When people would ask Bill or me how we managed to keep our relationship going for so long, often I would say that part of the secret was that we built our lives as two people who didn’t need one another to be complete. Instead, we chose to be together, so everything we gave to one another was a gift, not a demand or payment. That seems right. We both were pretty self-contained, and Bill was convinced that, even after he was gone, I would find my way.

Although his death is still too recent to draw many hard and fast conclusions, I am increasingly convinced that we were wrong. Oh, I think it was true at the start, and it was a good thing we didn’t get together out of a sense of desperation or even great need. We were young, newly out of college, and our love really was a gift that we could give or withhold.

I’ve always hated when people refer to their spouse as their “other half” because I feel that two incomplete people don’t make a complete one. When Bill and I got together 37 years ago, lesbian and gay people mostly called their spouses their “lovers.” That felt a bit too salacious for a pastor, so we opted for the term “partner.”

Today, because gay and lesbian people can be legally married, young people tend to call one another “husband” or “wife.” That always felt odd to us because we worked so hard for so long not to create an imitation of a “straight” marriage. We believed that the freedom that came with being gay men was a gift to be explored, celebrated, and experienced. We didn’t want to assimilate or be assimilated. Of course, that was a long time ago and during what was called “the gay liberation movement.” A guiding principle of that time, which has been abandoned somewhat, was that we needed to identify and celebrate what was queer about us, NOT suppress or seek to eradicate it.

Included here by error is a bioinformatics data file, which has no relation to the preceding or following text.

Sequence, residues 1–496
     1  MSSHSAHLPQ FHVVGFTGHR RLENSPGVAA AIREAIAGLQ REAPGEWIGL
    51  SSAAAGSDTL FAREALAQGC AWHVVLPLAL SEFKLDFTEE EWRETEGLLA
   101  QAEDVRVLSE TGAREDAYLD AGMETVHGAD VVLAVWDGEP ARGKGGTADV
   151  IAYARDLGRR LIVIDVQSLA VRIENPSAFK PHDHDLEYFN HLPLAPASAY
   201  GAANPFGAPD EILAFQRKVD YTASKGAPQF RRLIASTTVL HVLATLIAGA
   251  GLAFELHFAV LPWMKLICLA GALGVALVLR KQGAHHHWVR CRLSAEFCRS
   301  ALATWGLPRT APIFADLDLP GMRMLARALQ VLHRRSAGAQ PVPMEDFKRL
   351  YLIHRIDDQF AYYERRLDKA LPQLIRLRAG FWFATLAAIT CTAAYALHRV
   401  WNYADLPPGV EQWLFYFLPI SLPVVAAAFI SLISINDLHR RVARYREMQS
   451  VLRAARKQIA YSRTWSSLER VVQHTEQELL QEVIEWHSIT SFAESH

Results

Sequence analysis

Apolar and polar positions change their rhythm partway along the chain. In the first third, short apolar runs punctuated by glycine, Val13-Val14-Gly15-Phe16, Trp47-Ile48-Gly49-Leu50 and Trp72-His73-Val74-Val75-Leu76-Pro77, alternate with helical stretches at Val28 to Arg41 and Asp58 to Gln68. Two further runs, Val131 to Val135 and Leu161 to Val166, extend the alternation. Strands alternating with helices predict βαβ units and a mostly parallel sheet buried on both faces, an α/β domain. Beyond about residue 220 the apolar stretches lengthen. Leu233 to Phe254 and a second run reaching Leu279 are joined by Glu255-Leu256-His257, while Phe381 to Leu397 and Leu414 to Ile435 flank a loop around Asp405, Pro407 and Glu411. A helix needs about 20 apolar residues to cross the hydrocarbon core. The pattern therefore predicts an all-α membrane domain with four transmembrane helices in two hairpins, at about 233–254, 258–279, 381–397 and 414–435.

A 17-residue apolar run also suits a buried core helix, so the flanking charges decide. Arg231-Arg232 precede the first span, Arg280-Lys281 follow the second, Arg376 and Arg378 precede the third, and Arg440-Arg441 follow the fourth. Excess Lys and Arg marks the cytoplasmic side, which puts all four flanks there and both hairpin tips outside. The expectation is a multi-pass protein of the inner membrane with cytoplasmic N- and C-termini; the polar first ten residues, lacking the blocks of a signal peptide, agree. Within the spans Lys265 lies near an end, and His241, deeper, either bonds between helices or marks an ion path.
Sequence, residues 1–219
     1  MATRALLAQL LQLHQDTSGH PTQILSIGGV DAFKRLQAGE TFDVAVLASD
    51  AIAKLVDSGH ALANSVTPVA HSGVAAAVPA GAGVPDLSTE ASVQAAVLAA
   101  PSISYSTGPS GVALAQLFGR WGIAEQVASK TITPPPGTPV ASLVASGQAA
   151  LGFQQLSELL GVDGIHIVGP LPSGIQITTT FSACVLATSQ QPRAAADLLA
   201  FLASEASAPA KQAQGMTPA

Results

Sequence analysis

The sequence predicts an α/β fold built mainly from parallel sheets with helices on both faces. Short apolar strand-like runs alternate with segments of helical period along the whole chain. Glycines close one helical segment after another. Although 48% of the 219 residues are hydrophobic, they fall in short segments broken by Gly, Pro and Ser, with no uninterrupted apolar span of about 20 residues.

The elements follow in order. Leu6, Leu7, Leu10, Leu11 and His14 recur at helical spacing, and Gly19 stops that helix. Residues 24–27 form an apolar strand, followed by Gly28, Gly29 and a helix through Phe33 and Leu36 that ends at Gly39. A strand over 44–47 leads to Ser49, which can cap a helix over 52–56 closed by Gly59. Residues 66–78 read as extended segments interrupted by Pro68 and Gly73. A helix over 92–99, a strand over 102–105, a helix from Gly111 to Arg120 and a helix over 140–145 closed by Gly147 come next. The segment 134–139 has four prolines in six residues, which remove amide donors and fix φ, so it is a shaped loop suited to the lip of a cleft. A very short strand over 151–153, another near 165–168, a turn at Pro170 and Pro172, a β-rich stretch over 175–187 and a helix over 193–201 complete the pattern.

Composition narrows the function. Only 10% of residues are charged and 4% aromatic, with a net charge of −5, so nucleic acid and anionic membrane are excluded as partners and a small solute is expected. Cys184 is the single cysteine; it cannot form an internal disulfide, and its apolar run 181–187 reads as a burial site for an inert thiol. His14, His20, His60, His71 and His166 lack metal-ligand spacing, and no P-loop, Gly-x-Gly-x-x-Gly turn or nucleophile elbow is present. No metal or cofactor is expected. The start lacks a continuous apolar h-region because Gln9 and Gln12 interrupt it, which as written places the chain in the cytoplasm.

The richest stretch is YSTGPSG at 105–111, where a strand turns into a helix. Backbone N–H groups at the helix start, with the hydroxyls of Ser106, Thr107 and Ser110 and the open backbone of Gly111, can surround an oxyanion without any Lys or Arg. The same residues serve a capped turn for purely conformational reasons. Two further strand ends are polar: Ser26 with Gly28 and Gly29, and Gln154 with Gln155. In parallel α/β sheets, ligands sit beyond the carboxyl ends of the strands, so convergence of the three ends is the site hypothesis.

In the end, one of the keys to that was our disavowal of much of traditional relationships in which women literally were “given away” to the man they would marry. Creating new roles, covenants, and ways of being in relationship was a freedom same-gender loving people had, especially back then when we first were inventing our relationships.

Bill and I freely choose one another as partners in life. It was only after he died that I discovered that, having been together for so long, Bill truly had become my “other half.”




Rev. Michael Piazza